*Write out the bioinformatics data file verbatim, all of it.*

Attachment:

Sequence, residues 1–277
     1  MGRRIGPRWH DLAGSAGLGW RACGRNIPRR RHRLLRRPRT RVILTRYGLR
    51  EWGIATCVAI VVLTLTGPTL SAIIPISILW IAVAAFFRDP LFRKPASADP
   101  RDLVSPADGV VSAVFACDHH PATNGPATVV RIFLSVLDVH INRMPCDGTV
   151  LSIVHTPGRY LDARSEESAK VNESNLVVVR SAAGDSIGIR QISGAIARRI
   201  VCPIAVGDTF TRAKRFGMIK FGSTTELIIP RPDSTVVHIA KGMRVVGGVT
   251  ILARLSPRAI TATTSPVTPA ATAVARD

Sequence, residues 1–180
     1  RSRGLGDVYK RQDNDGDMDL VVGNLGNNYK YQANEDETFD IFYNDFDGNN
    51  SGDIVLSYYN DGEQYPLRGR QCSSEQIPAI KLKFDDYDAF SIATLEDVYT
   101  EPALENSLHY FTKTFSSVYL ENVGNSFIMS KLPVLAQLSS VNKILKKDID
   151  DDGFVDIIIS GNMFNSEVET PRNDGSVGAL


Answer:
Sequence, residues 1–277
     1  MGRRIGPRWH DLAGSAGLGW RACGRNIPRR RHRLLRRPRT RVILTRYGLR
    51  EWGIATCVAI VVLTLTGPTL SAIIPISILW IAVAAFFRDP LFRKPASADP
   101  RDLVSPADGV VSAVFACDHH PATNGPATVV RIFLSVLDVH INRMPCDGTV
   151  LSIVHTPGRY LDARSEESAK VNESNLVVVR SAAGDSIGIR QISGAIARRI
   201  VCPIAVGDTF TRAKRFGMIK FGSTTELIIP RPDSTVVHIA KGMRVVGGVT
   251  ILARLSPRAI TATTSPVTPA ATAVARD

Sequence, residues 1–180
     1  RSRGLGDVYK RQDNDGDMDL VVGNLGNNYK YQANEDETFD IFYNDFDGNN
    51  SGDIVLSYYN DGEQYPLRGR QCSSEQIPAI KLKFDDYDAF SIATLEDVYT
   101  EPALENSLHY FTKTFSSVYL ENVGNSFIMS KLPVLAQLSS VNKILKKDID
   151  DDGFVDIIIS GNMFNSEVET PRNDGSVGAL